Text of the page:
Spartan Bioscience 'lab-in-a-box' test kit finally cleared for COVID-19 battle"This is going to be a game-changer in making diagnoses and helping to open the economy."
Author of the article: James Bagnall
Publishing date: Jan 23, 2021 • 20 hours ago • 4 minute read
Dr. Paul Lem, co-founder and chief medical officer for Spartan Bioscience Inc. in Ottawa. PHOTO BY JULIE OLIVER /Postmedia
Assuming no further hiccups, Spartan looks to be on track to top $200 million in revenues this year based on government orders alone. Its technology is also well-suited for use by airlines and private businesses anticipating reopening. “We are still ramping up R&D because this is a huge and significant opportunity,” said Roger Eacock, Spartan’s CEO since October. “We have buyers already lined up,” he added in reference to private-sector customers.
Spartan Bioscience co-founder, Dr. Jamie Spiegelman, a senior staff doctor at Humber River Regional Hospital. Supplied PHOTO BY SPARTAN BIOSCIENCE INC. /Handout
Roger Eacock, the CEO of Spartan Bioscience. PHOTO BY SPARTAN BIOSCIENCE INC. /Handout
Eacock stressed that Spartan would fulfill its commitments to governments as a first priority, but added he believed there was enough flexibility in production to serve private-sector firms at the same time.
Alberta, Ontario, Quebec and the federal government last spring ordered nearly two million test cartridges and the Cube devices that process them — approaching $200 million worth of potential business with more to follow, all of it contingent on the performance of the initial samples and Health Canada approval. With this in hand, Spartan can start making good on those initial purchase orders.
In retrospect, Spartan pushed its technology faster than it should have, no doubt influenced by the intensity of the first wave of COVID-19 and the urgent need for portable tests. Quite simply, Spartan’s early method of collecting nasal samples didn’t pick up sufficient quantities of the virus for accurate tests.
Spiegelman, who has more than a passing interest in Spartan’s breakthrough, has some thoughts about that. He is a co-founder with Paul and John Lem and a board member. Spiegelman is also a physician at Humber River Regional Hospital in the epicentre of Toronto’s COVID-19 outbreak. That makes him desperate to get COVID-19 tests done quickly and accurately.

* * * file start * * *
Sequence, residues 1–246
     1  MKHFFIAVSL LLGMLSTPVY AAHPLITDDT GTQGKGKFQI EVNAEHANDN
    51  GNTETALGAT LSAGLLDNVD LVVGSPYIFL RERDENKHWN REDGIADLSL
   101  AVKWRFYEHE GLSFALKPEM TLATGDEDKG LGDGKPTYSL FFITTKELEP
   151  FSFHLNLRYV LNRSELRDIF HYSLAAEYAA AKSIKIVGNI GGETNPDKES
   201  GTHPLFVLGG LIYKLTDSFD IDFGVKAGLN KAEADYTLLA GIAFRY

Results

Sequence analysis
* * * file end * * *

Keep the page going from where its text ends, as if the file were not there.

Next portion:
The physician said he was not consulted by the firm on the design of the initial test kit submitted for Health Canada’s inspection. Spiegelman knows the viral load is heaviest deep in the back of the throat, thus requiring lengthy nasal swabs for good samples, but Spartan early on submitted its shorter, proprietary swab as part of the package.
“It didn’t get big enough samples of the virus,” Spiegelman said. Not only that, he added, the test kit’s chemicals had to be kept frozen while in transit, thus introducing complications to the supply chain and making deliveries to remote regions more difficult.
The Spartan Bioscience rapid-testing device for COVID-19. PHOTO BY AHS
The good news was that Spartan’s DNA-analyzing technology was solid, so the company opted to remake the test kits to rely on longer, standard-issue swabs and a storage solution that worked at room temperature. It was a significant R&D effort.
The result is a product that does not require a lot of training to use and that can be adapted to testing future viruses.
“I taught my five-year-old daughter to use this in five minutes,” Spiegelman said.
While portable DNA analyzers are generally less accurate than lab-based technology, the efficacy of the Cube now seems well suited for the fight against COVID-19, which demands rapid results. Spiegelman said the clinical trials suggested a positive COVID-19 test result on the Cube is nearly certain to be accurate, while a negative result is 80 per cent to 90 per cent likely to be accurate.
If these kinds of results play out in the months to come, Spartan can afford to contemplate a future beyond one dominated by COVID-19. Because the Cube analyzes DNA, it could be adapted to test for other viruses.
Next time, however, you can be sure the company will be sure of its ground before engaging Health Canada’s regulators.